In a certain sense, we are already in the beginning of a new era, and the gradual resumption of routine worldwide will flesh it out.  I refer to the pandemic as an “apocalypse” since it connotes the end and the beginning of an era. As I see it, we are heading towards a new version of post-modernism: while many of the systems would like to return to normal, others would be busy drawing lessons. The global balance of power between empires, states and corporations has changed. Whereas many would want to return to the familiar routine and keep existing systems unchanged, others would like to move forward and realign power relations.
The global experience of the virus has essentially been a rare and unpredictable experience of re-territorialization: a withdrawal into the narrow boundaries of the nation state, the city and finally the home. This effect will not be soon forgotten, particularly as scientists warn that a second outbreak would increase the pressure on systems already in a state of emergency, whose degree of preparedness has yet to be determined.
Thus, we are now witnessing a simultaneous back-and-forth movement, outwards in the direction of ongoing globalization, and inwards as each country seeks to hide behind its national borders and individuals seek, or are forced to seek, safety in their own homes. Unified to the extreme under the auspices of capitalist globalization and the wings of the imaginary, we are now forced back to the real, to the body, the individual and collective body.  When the siren test ends, we will have to ask ourselves whether we are willing to stay united and to protect the global body. To do so, we must have a new global ethics that transcends and even counteracts corporate or political interests. We must have it now.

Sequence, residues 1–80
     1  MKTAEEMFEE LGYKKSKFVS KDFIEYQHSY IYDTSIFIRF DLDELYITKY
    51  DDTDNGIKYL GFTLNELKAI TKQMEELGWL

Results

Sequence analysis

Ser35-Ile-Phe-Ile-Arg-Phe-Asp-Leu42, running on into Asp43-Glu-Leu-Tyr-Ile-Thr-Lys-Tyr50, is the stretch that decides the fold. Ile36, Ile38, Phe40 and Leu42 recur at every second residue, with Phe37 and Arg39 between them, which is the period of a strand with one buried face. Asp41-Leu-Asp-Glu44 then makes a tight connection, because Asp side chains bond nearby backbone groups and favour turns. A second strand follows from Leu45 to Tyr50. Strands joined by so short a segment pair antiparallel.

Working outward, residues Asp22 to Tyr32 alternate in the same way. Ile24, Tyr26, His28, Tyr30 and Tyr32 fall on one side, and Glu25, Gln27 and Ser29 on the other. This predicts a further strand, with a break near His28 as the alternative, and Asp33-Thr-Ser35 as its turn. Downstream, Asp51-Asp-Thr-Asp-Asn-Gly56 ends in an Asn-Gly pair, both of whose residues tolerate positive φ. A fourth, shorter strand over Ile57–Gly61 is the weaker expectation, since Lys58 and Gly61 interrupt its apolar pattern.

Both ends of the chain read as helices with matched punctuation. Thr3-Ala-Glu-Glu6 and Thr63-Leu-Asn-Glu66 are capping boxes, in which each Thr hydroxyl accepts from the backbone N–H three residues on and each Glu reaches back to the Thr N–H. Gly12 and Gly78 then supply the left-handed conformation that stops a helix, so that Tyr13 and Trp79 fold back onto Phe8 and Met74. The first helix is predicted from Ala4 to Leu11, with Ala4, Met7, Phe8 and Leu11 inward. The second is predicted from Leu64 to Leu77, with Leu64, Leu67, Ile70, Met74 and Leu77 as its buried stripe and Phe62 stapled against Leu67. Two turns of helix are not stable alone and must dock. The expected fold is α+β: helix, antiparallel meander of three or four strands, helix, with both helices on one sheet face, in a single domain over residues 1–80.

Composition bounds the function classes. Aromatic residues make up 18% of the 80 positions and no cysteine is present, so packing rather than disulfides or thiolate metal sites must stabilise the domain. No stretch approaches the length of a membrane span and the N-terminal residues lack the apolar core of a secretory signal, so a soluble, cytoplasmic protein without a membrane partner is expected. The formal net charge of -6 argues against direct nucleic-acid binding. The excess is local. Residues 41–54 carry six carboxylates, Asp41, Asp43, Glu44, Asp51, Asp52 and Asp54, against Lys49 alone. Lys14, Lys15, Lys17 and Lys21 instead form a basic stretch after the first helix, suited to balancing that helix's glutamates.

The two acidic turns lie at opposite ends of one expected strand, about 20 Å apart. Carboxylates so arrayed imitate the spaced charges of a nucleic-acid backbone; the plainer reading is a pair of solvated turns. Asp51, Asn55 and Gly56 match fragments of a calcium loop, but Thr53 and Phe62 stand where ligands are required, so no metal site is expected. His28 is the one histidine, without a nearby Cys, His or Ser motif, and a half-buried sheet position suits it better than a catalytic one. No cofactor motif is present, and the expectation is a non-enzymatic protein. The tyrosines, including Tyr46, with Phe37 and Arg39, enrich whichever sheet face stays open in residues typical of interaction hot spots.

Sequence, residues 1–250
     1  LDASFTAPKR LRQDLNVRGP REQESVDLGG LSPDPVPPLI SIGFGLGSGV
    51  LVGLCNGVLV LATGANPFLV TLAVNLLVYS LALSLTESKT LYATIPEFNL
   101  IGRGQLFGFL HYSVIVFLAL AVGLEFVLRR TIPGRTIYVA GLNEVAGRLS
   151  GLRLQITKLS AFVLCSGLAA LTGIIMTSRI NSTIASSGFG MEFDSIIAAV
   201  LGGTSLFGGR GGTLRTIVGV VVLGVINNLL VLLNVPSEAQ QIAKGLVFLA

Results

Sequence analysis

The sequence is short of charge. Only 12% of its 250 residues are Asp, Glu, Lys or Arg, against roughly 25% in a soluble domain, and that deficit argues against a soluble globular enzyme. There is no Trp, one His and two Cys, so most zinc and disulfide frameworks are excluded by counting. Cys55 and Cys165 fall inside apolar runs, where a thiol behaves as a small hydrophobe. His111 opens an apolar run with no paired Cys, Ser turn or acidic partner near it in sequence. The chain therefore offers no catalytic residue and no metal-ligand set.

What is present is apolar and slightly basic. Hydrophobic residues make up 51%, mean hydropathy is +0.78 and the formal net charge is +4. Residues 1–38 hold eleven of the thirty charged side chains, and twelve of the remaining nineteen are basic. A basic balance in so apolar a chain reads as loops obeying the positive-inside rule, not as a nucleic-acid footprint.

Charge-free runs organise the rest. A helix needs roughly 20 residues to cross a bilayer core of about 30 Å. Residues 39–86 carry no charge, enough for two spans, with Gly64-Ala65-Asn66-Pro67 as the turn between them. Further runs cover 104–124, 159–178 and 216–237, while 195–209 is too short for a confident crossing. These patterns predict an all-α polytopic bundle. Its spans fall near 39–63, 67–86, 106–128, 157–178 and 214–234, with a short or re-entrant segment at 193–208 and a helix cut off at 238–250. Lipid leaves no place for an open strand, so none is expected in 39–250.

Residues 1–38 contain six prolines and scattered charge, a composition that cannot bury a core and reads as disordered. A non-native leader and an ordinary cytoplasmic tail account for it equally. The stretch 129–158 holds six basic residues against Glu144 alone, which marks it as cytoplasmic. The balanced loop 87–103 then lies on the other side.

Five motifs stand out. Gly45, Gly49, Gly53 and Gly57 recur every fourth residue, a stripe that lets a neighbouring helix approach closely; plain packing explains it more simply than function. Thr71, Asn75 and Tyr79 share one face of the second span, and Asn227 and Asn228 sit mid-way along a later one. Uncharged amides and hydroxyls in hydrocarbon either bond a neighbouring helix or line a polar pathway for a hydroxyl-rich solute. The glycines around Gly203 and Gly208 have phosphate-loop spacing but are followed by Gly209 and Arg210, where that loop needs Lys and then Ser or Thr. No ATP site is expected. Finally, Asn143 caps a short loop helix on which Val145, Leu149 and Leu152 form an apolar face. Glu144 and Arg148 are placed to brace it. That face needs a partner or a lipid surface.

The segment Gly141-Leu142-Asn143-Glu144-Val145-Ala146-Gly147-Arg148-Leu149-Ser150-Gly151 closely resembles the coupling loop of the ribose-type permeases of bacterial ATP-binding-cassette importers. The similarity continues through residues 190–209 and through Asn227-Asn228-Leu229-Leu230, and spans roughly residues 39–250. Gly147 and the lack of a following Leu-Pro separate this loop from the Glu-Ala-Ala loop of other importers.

What about people here in Israel?
The Israeli economy has screeches to a halt in a desperate attempt to stem the pandemic tide and compensate for past hubristic miscalculations. Now, the government must immediately propose a New Deal, an emergency socioeconomic plan to help citizens keep their heads above water, rather than abandoning them to anonymous oblivion like so many numbers under the guise of maintaining public health. Effective immediately, such a plan must support laborers, freelancers, small businesses and all those lacking assured income, as well as including the elderly. The same goes for the rest of the world, and this will require global attention, particularly where the sounds of the siren have been most stubbornly ignored.  Some blueprints for such a plan already exist.